Twitch is reacting to the trend of channel operators showing themselves freely in the “hot tube streams”. After initially withdrawing the option for primarily female streamers to earn money via ads, there is now a turnaround.
Twitch is making it clear that the “Hot Tube Streams” do not violate the platform guidelines in any way and is giving them their own category: “Pools, Hot Tubs, and Beaches” is a new category that creators can stream whatever they want, giving advertising partners the option to exclude their ads from this category.
Behind this, of course – how could it be otherwise – is the issue that some advertisers were not at all pleased to be associated with supposedly salacious content. Twitch has now found a way to make both sides happy.
The fact that they had initially reacted by withdrawing advertising from Hot Tube streams had been a mistake. A statement from the platform, released at the request of online magazine The Verge, said, “We didn’t warn the affected creators at the time, and we should have – our creators rely on us,” a spokesperson said. Twitch said the ads were suspended at the request of advertisers and that it is now working with individual creators to “restore ads where appropriate.”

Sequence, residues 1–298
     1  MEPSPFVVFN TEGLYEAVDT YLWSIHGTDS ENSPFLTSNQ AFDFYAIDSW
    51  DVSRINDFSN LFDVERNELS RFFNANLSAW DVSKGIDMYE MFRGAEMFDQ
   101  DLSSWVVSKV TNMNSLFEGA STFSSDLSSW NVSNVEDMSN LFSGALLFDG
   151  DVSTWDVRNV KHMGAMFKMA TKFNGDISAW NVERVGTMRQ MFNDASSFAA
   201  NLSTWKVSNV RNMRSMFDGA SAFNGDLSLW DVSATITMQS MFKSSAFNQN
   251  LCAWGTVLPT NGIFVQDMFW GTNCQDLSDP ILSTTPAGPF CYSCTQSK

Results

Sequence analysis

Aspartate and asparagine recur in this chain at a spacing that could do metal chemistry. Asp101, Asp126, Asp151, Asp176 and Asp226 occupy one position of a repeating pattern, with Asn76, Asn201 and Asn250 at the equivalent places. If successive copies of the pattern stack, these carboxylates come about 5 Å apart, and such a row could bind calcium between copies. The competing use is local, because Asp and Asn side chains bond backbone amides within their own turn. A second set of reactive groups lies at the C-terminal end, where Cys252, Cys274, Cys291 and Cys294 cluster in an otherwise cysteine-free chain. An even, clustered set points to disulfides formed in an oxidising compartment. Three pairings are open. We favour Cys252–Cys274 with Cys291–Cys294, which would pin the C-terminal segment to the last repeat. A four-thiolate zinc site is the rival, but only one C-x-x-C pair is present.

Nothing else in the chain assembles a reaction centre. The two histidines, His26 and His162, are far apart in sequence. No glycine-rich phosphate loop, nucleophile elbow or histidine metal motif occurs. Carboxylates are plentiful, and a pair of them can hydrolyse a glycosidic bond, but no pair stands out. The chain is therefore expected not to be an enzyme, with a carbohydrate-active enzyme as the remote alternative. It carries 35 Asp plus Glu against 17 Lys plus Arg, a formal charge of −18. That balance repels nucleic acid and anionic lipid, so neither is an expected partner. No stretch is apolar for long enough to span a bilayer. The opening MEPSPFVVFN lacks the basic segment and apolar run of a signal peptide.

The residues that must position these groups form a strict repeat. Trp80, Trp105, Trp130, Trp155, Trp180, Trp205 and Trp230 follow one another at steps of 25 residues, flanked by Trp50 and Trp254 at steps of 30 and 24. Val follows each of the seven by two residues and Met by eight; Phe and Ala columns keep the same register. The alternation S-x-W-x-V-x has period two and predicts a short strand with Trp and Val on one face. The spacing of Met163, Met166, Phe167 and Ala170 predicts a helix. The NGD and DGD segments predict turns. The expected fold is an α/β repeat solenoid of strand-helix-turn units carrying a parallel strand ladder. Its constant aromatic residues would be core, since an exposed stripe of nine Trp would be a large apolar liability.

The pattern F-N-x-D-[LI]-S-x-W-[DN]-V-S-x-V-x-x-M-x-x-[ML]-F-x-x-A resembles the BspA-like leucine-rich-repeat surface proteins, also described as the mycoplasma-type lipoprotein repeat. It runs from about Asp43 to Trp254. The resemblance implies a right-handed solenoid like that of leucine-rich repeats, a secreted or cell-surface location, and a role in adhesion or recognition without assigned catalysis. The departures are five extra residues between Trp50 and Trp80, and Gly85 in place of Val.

Rules won’t change
Twitch also stated that its policies on what is and is not allowed on the platform will not change. The company won’t prevent people from streaming in hot tubs or swimwear. While sexually suggestive content will still be banned, context-appropriate clothing – like swimsuits and bikinis in a pool – will be allowed. “Being perceived as sexy by others does not violate our rules, and Twitch will not take coercive action against women or anyone on our service for their perceived attractiveness,” the company wrote in a blog post.